Ten arrested for acid attacks

Peter Gibson 27 November 2008

Ten men have been arrested for their complicity in attacks which involved throwing acid in the faces of Afghan schoolgirls.

The names of the men have not yet been disclosed, though a government spokesman has said that four have so far confessed to being involved in the attacks.

Two men used a water pistol to spray battery acid at 11 students and four female teachers outside Mirwais Nika Girls’ High School in Kandahar in southern Afghanistan.

Deputy Interior Minister Gen¬eral Mohammad Daud told reporters in Kabul:

“Evidence shows and witnesses say were threatened a week before not to go to school.”

Kandahar schoolgirls are easily identifiable by their distinctive uniforms. The attackers were on motor¬bikes and fled while passers-by rushed to help their victims. Some of the girls were afforded a degree of protection by their burkas, but most suffered serious burns. Six are currently being treated in hospital and at least one will have to receive plastic surgery to reconstruct her face and neck. Sixteen-year-old student Late¬fa told Al Jazeera:

“”We were on the way to school when two men on motorbikes stopped next to us. One of them threw acid on my sister’s face. I tried to help her and then they threw acid on me too.”

Al Jazeera reporter David Chat¬er said that Latefa is ‘determined to continue her education, and she will not let this attack stop her from learning.’

President Hamid Karzai has announced that the men involved will be publicly executed.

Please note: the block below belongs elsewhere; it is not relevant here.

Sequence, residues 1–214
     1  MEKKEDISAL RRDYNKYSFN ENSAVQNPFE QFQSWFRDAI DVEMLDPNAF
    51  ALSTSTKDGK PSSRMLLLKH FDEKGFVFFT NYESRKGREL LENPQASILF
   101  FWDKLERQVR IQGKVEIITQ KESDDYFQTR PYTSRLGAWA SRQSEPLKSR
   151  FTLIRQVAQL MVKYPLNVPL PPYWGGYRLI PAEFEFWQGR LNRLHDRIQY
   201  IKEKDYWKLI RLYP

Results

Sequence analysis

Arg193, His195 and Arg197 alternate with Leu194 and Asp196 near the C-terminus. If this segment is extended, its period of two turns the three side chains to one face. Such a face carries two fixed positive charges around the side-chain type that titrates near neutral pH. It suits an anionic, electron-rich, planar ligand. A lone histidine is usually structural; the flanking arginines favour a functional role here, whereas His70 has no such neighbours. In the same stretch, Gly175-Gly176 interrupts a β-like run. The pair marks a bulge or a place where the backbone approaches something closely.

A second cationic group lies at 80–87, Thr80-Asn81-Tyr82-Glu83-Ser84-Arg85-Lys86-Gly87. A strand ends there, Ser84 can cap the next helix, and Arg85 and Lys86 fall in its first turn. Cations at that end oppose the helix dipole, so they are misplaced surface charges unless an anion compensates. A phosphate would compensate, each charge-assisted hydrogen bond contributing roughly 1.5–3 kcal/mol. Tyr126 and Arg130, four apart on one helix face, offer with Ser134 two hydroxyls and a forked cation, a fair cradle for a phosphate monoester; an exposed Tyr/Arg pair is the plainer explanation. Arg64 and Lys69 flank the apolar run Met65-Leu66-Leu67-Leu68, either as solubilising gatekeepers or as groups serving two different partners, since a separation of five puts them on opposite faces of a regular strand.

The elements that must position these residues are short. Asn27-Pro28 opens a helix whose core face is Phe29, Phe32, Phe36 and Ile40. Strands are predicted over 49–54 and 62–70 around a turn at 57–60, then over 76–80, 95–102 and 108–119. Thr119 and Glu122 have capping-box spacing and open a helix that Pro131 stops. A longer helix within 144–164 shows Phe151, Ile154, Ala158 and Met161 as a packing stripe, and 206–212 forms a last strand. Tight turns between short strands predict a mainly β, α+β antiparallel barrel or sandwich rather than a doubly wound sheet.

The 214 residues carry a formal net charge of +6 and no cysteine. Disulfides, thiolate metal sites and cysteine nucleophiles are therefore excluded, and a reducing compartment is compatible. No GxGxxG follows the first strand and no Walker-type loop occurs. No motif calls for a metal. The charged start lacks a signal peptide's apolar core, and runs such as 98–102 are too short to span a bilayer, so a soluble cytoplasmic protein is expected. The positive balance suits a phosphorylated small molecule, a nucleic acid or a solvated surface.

The incident, which occurred last Wednesday, has been linked to the Taliban.

Deputy Interior Minister Gen¬eral Mohammad Daud, identify¬ing the men as Afghans who had travelled from Pakistan, said:

“They were led by the Taliban. They were taking orders from the other side of the border from those who are leading terrorist attacks in Kandahar.”

He added: “We have not finalised our investigation.”

Governor of Kandahar Rahmatullah Raufi said that the men had been paid $2,000 (£1,300) by the Taliban for the attacks.

Taliban militants have rejected all links to the incident, but these connections were made because the attack is thought to have been motivated by hostility towards female education, and the previous Taliban government banned girls from attending school until it was ousted in 2001.

Even now, only two million girls are currently in education in Afghanistan, mostly because many conservative families prefer to keep their daughters at home., despite government efforts to en¬courage the education of girls.

Many Afghans also hold the Taliban responsible for arson at¬tacks on girls’ schools, according to BBC Correspondent Sanjoy Majumder. Hundreds of schools and students have been attacked over the last years, and violence in Afghanistan has reached its worst level since 2001.

Girls have been blinded and permanently disfigured in past attacks.

Some 230 schools were target¬ted in the first half of this year alone, and over 50% of these were girls’ schools, despite such establishments making up only 15% of schools in Afghanistan, according to Agence France-Presse.

Peter Gibson